Ji Zha (576-484 B.C.) was the youngest son of the King Shou Meng of Wu state, in the Spring and Autumn period of Chinese history. He was very much respected by Confucius. Confucius praised him at least four times in his teachings.
According to “Shiji”, or “The Records of the Grand Historian”, King Shou Meng had wanted Ji Zha to succeed him. However, Ji refused, so the King devised a succession model where his sons would become kings one after the other. However, Ji refused three times to his three elder brothers later in his life.
The state of Wu was located in southern China, near the mouth of Yangtze River, and was famous for producing precious swords.
Once, King Shou Meng sent Ji Zha on a mission of visits to several states in central China.
Ji first went to the North, passing through the neighboring Xu state. The King of Xu admired the precious sword that Ji carried, but he knew that was the treasure of Wu state, and found it difficult to ask for it.
Ji Zha saw the King’s admiration. However, Ji still had to complete his round of visits to other states and it was protocol for him to carry his sword, so he could not give it to the King right then.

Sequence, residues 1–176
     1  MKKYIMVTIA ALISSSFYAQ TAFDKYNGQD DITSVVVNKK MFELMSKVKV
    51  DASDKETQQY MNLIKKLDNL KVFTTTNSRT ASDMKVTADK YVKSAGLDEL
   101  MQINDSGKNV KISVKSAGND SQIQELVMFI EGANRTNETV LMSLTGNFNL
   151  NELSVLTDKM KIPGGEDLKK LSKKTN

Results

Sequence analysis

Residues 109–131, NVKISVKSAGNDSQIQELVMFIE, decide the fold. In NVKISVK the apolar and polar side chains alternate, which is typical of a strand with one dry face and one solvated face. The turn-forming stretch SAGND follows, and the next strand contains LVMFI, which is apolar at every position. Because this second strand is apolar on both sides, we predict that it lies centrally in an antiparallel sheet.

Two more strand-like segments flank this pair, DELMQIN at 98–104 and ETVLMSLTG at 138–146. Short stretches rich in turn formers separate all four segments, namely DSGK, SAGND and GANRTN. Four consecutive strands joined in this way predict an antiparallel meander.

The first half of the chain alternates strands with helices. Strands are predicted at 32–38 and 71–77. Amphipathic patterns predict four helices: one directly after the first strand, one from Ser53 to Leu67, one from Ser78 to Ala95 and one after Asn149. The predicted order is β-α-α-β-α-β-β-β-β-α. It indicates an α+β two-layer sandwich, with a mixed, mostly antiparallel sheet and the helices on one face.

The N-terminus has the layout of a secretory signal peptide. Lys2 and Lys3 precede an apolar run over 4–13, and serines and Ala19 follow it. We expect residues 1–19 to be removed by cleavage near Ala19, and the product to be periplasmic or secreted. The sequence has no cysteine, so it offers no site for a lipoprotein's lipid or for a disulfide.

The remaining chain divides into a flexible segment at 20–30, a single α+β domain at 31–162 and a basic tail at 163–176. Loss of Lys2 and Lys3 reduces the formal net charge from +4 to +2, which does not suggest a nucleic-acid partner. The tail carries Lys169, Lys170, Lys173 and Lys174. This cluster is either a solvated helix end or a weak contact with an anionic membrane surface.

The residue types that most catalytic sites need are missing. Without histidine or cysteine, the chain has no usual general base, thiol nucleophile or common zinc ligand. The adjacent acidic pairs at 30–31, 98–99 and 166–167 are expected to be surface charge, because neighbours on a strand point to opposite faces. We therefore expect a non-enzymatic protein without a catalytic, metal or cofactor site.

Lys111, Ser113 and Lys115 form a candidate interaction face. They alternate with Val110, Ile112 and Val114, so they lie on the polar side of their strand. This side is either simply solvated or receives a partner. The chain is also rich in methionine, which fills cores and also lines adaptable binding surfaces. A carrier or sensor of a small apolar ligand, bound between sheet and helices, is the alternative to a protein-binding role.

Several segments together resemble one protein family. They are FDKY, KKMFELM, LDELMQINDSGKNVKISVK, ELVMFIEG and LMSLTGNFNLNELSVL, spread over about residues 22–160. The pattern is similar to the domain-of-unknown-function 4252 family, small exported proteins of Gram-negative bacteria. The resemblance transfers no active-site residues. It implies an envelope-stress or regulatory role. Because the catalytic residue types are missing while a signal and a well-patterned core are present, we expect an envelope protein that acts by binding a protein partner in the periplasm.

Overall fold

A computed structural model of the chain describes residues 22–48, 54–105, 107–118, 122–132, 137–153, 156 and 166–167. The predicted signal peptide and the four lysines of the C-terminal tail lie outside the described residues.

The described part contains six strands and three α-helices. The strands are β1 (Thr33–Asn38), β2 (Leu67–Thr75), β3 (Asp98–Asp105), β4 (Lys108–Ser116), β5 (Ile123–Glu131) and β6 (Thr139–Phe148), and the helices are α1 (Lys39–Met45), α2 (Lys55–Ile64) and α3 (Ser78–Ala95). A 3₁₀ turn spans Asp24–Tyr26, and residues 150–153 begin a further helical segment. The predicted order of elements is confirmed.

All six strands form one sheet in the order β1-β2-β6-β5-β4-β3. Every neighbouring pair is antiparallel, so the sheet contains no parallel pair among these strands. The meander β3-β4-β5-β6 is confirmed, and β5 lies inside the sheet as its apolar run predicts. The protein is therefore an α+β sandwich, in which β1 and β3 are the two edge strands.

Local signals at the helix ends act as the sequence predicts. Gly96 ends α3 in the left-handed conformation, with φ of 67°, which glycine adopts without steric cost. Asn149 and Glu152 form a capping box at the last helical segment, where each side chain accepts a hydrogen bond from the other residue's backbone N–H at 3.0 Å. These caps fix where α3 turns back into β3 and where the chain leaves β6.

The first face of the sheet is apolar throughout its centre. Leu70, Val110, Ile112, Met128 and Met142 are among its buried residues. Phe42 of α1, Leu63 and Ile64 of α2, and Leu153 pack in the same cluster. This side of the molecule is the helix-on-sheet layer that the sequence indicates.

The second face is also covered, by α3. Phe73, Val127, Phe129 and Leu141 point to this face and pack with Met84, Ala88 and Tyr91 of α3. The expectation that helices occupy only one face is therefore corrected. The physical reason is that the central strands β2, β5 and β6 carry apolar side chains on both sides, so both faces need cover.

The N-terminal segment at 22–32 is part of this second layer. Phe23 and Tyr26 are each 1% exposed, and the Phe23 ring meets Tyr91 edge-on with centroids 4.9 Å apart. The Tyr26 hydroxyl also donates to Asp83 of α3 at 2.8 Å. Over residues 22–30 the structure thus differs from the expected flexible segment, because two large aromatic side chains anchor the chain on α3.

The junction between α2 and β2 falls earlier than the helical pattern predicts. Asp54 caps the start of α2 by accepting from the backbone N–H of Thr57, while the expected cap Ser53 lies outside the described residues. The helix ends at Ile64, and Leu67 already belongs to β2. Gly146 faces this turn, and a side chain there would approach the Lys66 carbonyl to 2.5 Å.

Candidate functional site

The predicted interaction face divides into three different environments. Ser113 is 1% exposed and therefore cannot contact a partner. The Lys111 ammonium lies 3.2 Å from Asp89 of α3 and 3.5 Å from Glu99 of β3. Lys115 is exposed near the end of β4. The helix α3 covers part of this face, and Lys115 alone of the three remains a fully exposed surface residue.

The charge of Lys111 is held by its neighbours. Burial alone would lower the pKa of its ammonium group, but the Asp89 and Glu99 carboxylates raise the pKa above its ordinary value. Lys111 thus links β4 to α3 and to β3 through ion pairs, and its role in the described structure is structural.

When Ji finished his mission of visits and returned through the Xu state, the King was dead.
Ji Zha generously parted with his precious sword and hung it on the pine tree next to the tomb of the King.
His guards were puzzled. Ji said: “I pledged in my heart to present this sword to him. Should I renege on my promise because he has passed away?!”
This has become a respected story passed down through the ages. Ji Zha would honor a pledge made in his mind even if it had not been spoken.
Nowadays people might revoke a verbal promise so we bind each other with written contracts. Even though these clearly set out the agreements in black and white, we still can’t guarantee that every contract will be fulfilled.
Edited by Damian Robin.